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There were no miracles for Tiger, but the crowds still worship him

A month after his big win at the Masters, Woods fails to make the cut at the PGA Championship

FARMINGDALE, N.Y. — Tiger Woods started Day 2 of the PGA Championship far closer to the tournament’s likely cut line than to the leaders. Many big names were ahead of him, but Woods had the crowd behind him.

Golf has its share of talented young stars, including this tournament’s leader, Brooks Koepka, who has taken a commanding lead while playing in the same group as Woods.

Yet, when they went to the tee box, the roar of the gallery let you know that while Koepka may be on fire, there is only one Tiger Woods.

He remains the most important golfer in the game, lifting its popularity and bankability. That much was clear even as he struggled to find fairways on his drives, left wedge shots short and otherwise labored through the difficult Bethpage Black course for a second straight day.

Many in the gallery were still reveling in his victory at the Masters Tournament last month, which capped a miraculous comeback from injury and personal problems. And they were pulling for another miracle Friday, hoping that some way, somehow, Woods could play his way back into contention. But it was not to be. Woods did not make the cut.

Tiger Woods lines up a putt on the 17th green during the second round of the PGA Championship on Friday at Bethpage Black in Farmingdale, New York.

AP Photo/Charles Krupa

“I came over here to see Tiger,” said Bobby Henderson, a retired trucker who drove to Long Island from northern New Jersey to attend his first professional golf tournament. He watched closely with hundreds of others as Woods hit the practice green before teeing off. “I’m drawn to his competitiveness as much as his greatness. There was a time that he seemed superhuman. But now, after his problems, we know he’s human. And I like that.”

Henderson’s buddy Bobby Rambone, a public works employee, put it succinctly. “You had Muhammad Ali. You had Michael Jordan. Now you have Tiger Woods,” he said.

Woods’ celebrity was apparent, as thousands of fans lined the fairway on every hole he played. They chanted his name and yelled out encouragement. “Go, Tiger! One time, Tiger, one time!”

The crowd to the left of the fairway was buzzing as Woods stepped to the first tee. Moments after he struck the ball, someone yelled, “Fore!” and people scrambled with hands over their heads until the ball landed among the spectators standing in the tall grass.

The crowd parted as Woods made his way over. But then they pressed in, camera phones held high, as Woods lined up his second shot of the day. “Hit it in the hole, Tiger,” one man yelled out. “Come on, Tiger.”

The crowd fell silent as Woods lashed his second shot and this time found a bunker. He managed to get out of the sand and preserve par, but he was obviously struggling.

Yet the crowds continued to follow him through the hills of Bethpage Black. They roared and gasped and frequently moaned as approach shots came up short and drives missed the fairway.

“I can’t see. Is Tiger in all black?” one guy asked as Woods could be seen in the distance approaching the second hole. “It looks like he hit the ball just 20 yards — on purpose.” Woods ended up bogeying that hole.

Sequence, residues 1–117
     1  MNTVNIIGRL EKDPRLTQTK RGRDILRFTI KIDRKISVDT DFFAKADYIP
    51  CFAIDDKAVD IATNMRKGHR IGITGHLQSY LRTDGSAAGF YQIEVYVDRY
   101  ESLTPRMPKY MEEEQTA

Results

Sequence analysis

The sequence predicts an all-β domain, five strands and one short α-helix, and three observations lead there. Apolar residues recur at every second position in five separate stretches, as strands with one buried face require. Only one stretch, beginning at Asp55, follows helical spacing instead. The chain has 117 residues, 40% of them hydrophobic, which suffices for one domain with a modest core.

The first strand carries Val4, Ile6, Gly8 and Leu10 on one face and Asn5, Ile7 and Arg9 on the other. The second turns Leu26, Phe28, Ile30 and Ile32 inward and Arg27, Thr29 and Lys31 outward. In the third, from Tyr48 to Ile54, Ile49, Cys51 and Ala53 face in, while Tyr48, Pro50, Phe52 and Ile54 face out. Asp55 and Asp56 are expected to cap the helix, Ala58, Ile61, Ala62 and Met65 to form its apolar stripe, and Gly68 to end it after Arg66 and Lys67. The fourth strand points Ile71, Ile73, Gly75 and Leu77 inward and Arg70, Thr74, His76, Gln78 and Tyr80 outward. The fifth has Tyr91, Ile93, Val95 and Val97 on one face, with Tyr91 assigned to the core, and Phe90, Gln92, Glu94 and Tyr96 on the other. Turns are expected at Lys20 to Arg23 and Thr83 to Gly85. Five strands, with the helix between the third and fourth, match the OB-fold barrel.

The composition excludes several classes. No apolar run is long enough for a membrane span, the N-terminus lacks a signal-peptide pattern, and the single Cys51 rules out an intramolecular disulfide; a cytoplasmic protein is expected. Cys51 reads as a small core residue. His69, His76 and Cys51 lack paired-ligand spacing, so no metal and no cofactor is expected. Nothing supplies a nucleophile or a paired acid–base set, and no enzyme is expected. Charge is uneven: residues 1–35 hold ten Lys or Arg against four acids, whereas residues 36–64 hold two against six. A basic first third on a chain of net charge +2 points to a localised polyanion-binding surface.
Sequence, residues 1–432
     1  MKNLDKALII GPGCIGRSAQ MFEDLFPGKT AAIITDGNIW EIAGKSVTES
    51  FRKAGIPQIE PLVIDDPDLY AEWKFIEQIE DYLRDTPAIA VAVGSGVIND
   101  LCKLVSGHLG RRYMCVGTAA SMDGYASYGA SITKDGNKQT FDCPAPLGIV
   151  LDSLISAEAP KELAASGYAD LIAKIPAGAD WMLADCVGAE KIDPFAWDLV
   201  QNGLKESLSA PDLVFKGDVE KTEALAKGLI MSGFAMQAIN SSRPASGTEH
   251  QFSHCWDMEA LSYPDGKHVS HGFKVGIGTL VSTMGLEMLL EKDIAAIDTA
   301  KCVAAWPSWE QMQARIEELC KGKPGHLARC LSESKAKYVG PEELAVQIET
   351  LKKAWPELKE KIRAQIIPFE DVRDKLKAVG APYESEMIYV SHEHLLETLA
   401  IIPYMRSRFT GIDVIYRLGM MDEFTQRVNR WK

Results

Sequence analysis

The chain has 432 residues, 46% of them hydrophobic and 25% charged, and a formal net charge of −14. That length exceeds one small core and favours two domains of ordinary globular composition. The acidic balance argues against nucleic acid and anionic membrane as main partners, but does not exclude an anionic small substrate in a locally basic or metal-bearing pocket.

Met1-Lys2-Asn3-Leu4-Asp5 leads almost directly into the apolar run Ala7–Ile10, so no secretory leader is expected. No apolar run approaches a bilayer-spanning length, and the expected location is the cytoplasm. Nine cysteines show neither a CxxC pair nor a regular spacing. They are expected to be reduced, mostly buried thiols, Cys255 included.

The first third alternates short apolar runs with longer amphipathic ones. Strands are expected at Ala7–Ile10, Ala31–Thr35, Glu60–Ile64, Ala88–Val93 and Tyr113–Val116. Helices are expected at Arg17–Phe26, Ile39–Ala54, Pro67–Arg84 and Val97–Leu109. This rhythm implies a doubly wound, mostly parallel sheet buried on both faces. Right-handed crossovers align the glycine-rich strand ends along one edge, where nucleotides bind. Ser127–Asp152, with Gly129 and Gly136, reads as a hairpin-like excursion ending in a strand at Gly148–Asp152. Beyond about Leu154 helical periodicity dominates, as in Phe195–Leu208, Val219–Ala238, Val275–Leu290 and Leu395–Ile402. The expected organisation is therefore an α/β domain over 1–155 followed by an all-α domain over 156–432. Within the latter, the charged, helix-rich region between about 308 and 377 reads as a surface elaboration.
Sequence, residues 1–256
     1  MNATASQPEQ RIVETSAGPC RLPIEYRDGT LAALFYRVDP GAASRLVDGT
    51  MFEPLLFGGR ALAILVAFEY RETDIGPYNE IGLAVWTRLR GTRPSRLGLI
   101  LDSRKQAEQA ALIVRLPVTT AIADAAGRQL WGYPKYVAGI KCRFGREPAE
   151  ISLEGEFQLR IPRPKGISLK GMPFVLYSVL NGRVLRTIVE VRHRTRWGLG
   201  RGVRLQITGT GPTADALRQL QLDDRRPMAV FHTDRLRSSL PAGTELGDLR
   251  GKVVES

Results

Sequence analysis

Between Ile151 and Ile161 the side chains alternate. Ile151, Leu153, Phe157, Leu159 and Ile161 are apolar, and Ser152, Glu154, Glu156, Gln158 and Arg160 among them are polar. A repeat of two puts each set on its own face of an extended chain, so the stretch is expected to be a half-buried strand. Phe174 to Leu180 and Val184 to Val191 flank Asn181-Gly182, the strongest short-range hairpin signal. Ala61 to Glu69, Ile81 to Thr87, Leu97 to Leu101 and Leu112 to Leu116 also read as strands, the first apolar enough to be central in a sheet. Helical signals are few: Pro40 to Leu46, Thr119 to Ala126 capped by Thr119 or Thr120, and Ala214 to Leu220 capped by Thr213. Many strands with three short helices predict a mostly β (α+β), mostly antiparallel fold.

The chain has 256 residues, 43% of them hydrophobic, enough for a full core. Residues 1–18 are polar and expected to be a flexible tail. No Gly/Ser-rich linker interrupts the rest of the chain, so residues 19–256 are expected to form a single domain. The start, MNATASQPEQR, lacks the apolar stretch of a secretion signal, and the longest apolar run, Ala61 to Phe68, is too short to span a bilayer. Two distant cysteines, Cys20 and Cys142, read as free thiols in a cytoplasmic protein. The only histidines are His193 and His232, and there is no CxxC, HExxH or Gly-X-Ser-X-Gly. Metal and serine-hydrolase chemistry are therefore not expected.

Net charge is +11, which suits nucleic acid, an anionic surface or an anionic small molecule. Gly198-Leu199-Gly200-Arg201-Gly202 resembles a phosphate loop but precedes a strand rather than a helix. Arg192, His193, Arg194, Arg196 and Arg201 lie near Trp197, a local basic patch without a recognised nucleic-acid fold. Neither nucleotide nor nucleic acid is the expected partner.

And so it went for most of the day. His many fans were disappointed but still happy to see him.

Ronald Lee, 54, and his nephew Damian Alvarez, 48, made their way from Queens to watch Woods in action. It was the first time either of them had attended a PGA event. Although they were new to the gallery, it did not take them long to figure out that if you want to actually see Woods hit, it is best to skip a couple of holes ahead to get a spot on the front row of the fairway.

“It’s a little strategy to navigate the crowd,” Lee said. “I’ve always respected Tiger. He’s the reason why I started playing golf myself.”

By the fifth hole, Woods was still 3 over par and there was worry creeping in that he would not make the cut, much less be able to catch Koepka by Sunday. “He’s 3 over. He’s got no shot. It’s over,” a voice in the crowd said.

The voice was right. Still, the crowd was still roaring for Woods by the time the announcer called his name as he approached the 18th green. Woods gamely tipped his cap before lining up his final shots of the day. He tried to run the ball in from the rough about 40 feet out, but it didn’t drop. He then finished up with a short putt. He was 3 over par for the day and 5 over par for the tournament, leaving him 1 shot away from making the cut.

Afterward, Woods said he was disappointed but not discouraged. He missed some putts he should have made and committed other small golfing sins. In addition, he said, he has been feeling ill this week. “I’m not playing the weekend, so I’m disappointed,” Woods said. He added: “There is no reason why I can’t get up to speed again.”

His fans seemed to share that confidence. Kymbre Zimmerman stood near the 18th hole in a dress and high heels, taking cellphone pictures of Woods to send to her mother. She had planned to attend the tournament all weekend, but with Woods out, she was changing her plans.

“I’m not really disappointed,” she said. “He did just do a wonderful thing, didn’t he? I’m very proud of him to be able to come back after all he’s been through.”

Woods walks up to the 18th green during the second round of the PGA Championship on May 17 at Bethpage Black in Farmingdale, New York. He finished 3 over par for the day and 5 over par for the tournament, leaving him 1 shot away from making the cut.

AP Photo/Andres Kudacki

Michael A. Fletcher is a senior writer at The Undefeated. He is a native New Yorker and longtime Baltimorean who enjoys live music and theater.